Is It Too Late to Take Legal Action for the Sexual Abuse That Happened to Me as a Child?

Laws in many states across the country have changed and empowered survivors to use the civil and criminal courts to expose abuse and cover-up. But even if you don’t have legal rights, there are things that you can do to stop the cycle of child sexual abuse and regain your power.

Can You Report Sexual Abuse Years Later? What if I Have No Proof? Should I Report Historical Abuse?

Many people ask if you can report physical abuse years later. Especially if they think it may be hard to find proof of the crime.

Predators are very cunning and do everything to ensure that their victims don’t have “evidence,” to substantiate what happened.

Other times, out of fear or shame, survivors will get rid of photos, gifts, letters, and other items from the predator.

It does not matter how long ago you were abused. It is never too late to come forward with your story, take power back, and help protect kids in the future.

Helping identify the strength of a legal case is one of the most important reasons you want an experienced sexual abuse attorney to walk you through it. Contact us for a free confidential consultation with an experienced child sexual abuse attorney.

My Perpetrator is Dead. Does it Matter if I Speak Out?

Yes, it does matter and it is important for survivors like you to come forward, no matter how long ago the abuse occurred.

Civil laws regarding child sexual abuse do more than hold the perpetrator accountable for the crimes they committed.

Civil laws also hold the people who knew or should have known about your abuse accountable. It is not uncommon for authority figures to conceal what they know about institutional child sexual abuse. The unfortunate attempt to hide sexual abuse from the public supports the predator and puts more kids at risk.

Even if your perpetrator is dead, our team of child sex abuse lawyers may bring legal action against the institution that hid the crimes associated with child abuse cover-up and looked the other way.

When you come forward and talk about your abuse, you can help stop the cycle of abuse in the churches, schools, or other institutions that may still be putting innocent children at risk today.

When you find the courage to speak out, even if you do so anonymously, you may help empower other survivors of the same perpetrator who believe they are the “only one.”

My Experience With Sexual Abuse Took Place a Long Time Ago. Is My Memory Just Playing Tricks on Me?

Most likely, your memory is not playing tricks on you.

The latest studies in brain science show us that when children are sexually abused, the trauma of the abuse can cause damage to the child’s brain development.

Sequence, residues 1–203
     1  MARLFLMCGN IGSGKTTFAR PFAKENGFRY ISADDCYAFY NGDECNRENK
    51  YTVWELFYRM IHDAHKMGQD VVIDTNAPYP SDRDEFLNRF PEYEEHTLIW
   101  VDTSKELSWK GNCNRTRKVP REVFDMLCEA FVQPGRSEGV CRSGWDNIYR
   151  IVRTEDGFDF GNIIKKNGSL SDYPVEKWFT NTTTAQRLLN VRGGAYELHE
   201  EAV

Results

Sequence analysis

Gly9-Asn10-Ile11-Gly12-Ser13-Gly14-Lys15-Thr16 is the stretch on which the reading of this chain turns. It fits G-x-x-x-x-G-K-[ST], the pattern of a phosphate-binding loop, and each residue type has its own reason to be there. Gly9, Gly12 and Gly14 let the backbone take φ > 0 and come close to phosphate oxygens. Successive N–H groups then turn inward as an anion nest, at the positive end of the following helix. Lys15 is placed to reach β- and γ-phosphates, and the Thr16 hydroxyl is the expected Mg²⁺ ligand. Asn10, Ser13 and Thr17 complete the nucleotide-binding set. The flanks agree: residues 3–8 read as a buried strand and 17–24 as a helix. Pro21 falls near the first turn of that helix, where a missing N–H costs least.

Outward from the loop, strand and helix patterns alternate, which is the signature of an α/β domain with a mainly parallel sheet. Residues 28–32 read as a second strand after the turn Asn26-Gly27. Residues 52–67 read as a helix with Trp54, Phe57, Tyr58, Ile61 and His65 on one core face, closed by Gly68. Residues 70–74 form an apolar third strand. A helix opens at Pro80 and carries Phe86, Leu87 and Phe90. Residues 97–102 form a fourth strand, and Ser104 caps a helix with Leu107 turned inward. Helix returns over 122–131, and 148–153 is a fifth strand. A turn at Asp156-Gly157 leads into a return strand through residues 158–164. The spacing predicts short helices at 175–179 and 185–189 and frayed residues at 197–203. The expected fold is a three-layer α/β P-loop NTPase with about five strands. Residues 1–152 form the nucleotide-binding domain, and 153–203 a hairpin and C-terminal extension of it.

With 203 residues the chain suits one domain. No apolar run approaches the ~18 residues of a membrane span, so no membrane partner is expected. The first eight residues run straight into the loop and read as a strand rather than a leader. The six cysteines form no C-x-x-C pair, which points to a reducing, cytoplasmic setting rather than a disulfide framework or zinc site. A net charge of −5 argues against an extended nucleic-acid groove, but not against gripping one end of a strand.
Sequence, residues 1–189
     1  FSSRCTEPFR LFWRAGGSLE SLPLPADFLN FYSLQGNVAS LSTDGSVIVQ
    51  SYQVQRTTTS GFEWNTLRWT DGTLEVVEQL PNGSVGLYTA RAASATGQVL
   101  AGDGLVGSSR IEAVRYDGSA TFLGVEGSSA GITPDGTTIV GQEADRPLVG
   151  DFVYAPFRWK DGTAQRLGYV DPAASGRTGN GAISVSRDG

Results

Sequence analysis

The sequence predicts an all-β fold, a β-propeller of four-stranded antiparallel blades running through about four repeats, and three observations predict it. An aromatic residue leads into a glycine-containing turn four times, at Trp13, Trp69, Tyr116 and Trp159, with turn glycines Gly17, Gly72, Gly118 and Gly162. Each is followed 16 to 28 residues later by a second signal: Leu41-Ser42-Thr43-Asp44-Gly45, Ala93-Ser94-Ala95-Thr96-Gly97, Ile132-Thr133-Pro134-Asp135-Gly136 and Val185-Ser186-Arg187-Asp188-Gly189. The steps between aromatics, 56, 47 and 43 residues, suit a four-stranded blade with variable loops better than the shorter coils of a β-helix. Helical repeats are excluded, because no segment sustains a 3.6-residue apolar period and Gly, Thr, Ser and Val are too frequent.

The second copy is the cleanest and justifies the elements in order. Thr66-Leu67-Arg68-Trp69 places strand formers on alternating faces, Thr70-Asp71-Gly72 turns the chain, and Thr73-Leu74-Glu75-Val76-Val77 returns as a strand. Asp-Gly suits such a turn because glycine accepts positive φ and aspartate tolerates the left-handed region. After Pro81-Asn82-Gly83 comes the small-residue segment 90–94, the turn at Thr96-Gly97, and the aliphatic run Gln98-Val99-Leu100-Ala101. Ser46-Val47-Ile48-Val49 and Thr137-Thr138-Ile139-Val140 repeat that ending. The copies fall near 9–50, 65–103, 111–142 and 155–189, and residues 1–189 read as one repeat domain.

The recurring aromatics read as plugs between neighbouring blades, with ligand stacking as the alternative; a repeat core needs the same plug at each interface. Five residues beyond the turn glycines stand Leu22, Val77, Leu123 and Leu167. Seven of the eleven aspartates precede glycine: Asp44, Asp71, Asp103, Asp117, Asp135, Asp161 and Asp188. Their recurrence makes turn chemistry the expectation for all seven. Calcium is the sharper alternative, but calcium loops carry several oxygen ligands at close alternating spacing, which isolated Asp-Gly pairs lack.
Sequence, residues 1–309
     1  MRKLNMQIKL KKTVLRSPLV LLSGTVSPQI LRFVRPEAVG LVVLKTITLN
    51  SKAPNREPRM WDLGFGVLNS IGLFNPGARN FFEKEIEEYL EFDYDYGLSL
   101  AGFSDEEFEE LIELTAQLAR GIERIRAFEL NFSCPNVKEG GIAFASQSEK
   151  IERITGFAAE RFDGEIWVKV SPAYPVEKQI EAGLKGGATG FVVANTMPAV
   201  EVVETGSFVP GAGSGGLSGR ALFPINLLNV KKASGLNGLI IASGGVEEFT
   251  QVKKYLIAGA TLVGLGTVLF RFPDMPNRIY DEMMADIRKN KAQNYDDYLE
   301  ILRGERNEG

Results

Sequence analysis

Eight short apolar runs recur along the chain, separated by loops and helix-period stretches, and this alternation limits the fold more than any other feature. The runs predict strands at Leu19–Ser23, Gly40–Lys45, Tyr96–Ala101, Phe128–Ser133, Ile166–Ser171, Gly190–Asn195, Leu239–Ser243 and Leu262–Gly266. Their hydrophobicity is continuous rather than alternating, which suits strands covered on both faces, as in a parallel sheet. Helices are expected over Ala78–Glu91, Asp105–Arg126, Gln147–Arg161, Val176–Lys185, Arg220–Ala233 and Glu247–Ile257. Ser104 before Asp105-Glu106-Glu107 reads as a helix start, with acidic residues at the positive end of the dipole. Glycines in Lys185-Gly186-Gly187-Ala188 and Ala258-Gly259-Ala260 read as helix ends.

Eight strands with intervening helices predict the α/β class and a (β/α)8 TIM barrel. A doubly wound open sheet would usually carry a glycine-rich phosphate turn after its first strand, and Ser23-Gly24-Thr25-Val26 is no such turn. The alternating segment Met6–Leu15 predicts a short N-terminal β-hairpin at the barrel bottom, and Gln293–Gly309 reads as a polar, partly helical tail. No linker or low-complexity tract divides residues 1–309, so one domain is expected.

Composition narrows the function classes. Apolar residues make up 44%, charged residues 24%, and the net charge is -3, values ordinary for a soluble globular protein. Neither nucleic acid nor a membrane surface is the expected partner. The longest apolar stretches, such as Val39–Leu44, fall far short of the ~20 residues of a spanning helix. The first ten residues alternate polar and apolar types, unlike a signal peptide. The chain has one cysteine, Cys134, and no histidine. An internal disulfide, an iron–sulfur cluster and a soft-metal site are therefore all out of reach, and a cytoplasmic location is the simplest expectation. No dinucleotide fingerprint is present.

As a result, memories may trickle in, or you may have some flaws in your recollection regarding the sexual abuse you endured as a child. You may remember smells, locations, conversations, or the shame that you experienced when you were sexually abused.

Seeing a qualified therapist can help you make sense of what your body and memories are telling you.

Often, child predators have many victims. The more people come forward and share their experiences, the more we know about patterns of perpetrators and the institutions that enabled and covered up their actions.

To explore the legal dimension of this question, contact us for a free confidential consultation

Are There Child Sexual Abuse Legal or Bankruptcy Deadlines for my State?

The civil and criminal laws regarding child sexual abuse vary state by state.

We suggest you look up the laws or consult an attorney licensed in your state as soon as possible.

Many states have pending civil and bankruptcy deadlines that could affect you. Visit our Resources by State page for more information.

Also, explore options in the state where the abuse occurred. For example, the California Child Victims Act makes it possible to file a claim for abuses that occurred within that state, even if you are living somewhere else today.

If you were sexually abused by a priest, counselor, teacher, coach, or other trusted adult, you still have rights. We want to help you. Contact us confidentially at 1-800-ITS-TIME.

I No Longer Live in The State Where the Abuse Took Place. Is it Too Late for Me to Come Forward?

It does not matter what state you live in now—or even if you live in another country. Oftentimes, your legal rights may be based on where the child sexual abuse TOOK PLACE. You can look up the laws in our Resources by State section of our website or consult an attorney licensed in the state in which your abuse occurred.

Do I Have to File a Lawsuit to do Something About my Abuse?

No, you do not have to take legal action. There are many things that you can do to address your abuse and find healing.

If you believe that the person who abused you is still hurting children, we strongly suggest you report to the police. You don’t have to do that alone, and a trusted friend or therapist can help you through the process.

Talking to a good therapist or experienced child sex abuse attorney can help you assess your options.

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